Try to teach them please/thank you/hello/goodbye in polite company, you would think I was attempting to teach them the full works of William Shakespeare… in Flemish. Yet one *almost* expletive of a wangdoodling, cowbunkerling f-bomb amd such like and they have absorbed it by osmosis. 🙄
Tonight however. I make an exception. I am angry. So fucking angry. The fact that fucking just autocorrected to ducking as I typed it, has incensed me further still. 😡😡
I feel sweary. I feel ranty and shouty and full of words my Dad would get cross with me for using (even though he taught me most of them) I’m even tempted to use the ‘c’ one (& I don’t meant Christmas) – sharp intake of breath.
But I can’t have a good shout, unleash a stream of invective because yet again we are in-patient on Hotel NHS and there are a lot of very small people around whose parents would quite understandably be distinctly unimpressed.
So I’ll do my ranting, raving and effing and jeffing here on my blog; after all I did start my musings some years back in an effort to make sense of it all. Life that is. It’s been cathartic to brain fart away. Download and dump the crap (d’ya see what I did there?!)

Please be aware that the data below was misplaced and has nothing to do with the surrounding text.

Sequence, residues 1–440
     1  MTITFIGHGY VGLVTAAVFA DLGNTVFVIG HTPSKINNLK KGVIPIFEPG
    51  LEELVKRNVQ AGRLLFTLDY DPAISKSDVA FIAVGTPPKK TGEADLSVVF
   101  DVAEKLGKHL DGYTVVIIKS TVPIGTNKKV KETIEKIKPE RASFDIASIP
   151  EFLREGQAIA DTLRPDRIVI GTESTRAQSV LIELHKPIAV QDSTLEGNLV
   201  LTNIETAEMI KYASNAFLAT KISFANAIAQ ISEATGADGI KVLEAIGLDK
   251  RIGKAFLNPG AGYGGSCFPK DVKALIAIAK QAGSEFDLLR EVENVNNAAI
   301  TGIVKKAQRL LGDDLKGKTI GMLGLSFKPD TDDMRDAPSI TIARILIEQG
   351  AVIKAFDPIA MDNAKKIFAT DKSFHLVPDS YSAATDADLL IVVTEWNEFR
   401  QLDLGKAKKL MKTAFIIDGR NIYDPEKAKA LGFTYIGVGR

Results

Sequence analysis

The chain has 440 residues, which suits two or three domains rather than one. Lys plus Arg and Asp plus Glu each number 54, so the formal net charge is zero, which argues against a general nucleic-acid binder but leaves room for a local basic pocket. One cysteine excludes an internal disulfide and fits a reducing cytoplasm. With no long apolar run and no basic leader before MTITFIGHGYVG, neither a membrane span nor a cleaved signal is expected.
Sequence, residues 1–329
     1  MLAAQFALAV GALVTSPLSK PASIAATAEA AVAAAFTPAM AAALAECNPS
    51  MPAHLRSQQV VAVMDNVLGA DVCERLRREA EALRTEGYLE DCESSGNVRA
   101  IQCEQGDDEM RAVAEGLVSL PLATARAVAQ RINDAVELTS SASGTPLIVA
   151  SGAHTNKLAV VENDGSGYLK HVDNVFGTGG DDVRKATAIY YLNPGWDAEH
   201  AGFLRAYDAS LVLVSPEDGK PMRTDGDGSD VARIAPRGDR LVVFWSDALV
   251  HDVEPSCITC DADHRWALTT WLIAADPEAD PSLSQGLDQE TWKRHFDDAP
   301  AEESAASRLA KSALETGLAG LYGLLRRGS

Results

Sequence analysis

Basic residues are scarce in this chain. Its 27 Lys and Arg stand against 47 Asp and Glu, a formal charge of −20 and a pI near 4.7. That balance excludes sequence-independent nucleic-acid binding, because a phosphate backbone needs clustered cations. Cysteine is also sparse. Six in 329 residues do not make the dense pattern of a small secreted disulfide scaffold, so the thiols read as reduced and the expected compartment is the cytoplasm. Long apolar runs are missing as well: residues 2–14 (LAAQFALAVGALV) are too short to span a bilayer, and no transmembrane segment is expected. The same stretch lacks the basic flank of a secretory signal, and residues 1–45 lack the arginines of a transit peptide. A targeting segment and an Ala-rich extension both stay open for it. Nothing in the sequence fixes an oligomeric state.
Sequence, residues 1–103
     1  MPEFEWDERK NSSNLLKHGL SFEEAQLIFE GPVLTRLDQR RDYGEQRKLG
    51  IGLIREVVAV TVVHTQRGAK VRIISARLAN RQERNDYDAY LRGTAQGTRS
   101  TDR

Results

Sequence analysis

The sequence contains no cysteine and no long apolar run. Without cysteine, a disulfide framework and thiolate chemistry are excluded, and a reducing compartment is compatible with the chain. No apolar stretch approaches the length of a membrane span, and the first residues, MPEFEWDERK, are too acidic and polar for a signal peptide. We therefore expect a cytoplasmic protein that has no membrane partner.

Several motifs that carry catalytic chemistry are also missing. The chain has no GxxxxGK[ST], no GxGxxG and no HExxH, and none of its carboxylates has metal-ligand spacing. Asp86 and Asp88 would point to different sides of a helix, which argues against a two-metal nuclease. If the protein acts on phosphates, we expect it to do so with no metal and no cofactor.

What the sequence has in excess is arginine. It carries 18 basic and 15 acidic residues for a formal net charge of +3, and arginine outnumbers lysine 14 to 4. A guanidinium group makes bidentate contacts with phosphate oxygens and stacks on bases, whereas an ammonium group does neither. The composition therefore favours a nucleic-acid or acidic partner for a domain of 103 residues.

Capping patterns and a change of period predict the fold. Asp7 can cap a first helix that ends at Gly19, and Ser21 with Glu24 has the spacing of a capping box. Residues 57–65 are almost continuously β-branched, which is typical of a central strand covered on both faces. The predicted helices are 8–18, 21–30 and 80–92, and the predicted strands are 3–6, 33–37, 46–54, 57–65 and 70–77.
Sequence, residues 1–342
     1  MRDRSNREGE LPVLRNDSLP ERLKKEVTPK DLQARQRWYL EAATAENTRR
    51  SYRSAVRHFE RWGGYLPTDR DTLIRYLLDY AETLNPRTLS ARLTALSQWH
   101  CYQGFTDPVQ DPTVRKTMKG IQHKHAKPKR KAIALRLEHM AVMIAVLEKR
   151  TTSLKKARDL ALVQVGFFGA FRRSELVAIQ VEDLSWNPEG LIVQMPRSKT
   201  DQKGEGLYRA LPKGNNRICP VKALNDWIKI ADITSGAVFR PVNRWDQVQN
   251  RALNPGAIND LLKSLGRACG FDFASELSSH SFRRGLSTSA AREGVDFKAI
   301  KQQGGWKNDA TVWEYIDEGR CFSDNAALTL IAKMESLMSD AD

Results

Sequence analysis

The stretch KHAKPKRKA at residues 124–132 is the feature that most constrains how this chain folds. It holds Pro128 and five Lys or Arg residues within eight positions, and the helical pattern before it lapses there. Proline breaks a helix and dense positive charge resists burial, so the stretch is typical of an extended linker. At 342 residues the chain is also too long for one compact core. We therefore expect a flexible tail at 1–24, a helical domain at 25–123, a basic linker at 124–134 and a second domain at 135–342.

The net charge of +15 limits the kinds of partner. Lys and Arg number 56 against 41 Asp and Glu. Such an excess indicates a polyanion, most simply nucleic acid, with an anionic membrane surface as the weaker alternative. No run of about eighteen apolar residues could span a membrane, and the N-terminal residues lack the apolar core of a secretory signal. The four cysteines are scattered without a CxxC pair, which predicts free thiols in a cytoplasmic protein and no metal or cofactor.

Half the time I start a blog post with some vague notion of what I want to write about but no idea what will spout forth. I usually feel better by the end. I’d love to be all coy and twee and say I don’t care if people read it or not but actually that would be a lie. I do care. I suppose I need some validation.
Tonight however I REALLY need you to read it, share it, spread the word. Because I’m sick of the powers that be getting away with it. Letting down vulnerable children. Leaving families in crisis, drowning in despair and fracturing already fraught and taut relationships.
3 weeks ago today we took our local authority (LA) to a special educational needs tribunal in an effort to secure an appropriate, residential school placement for our high-functioning autistic son.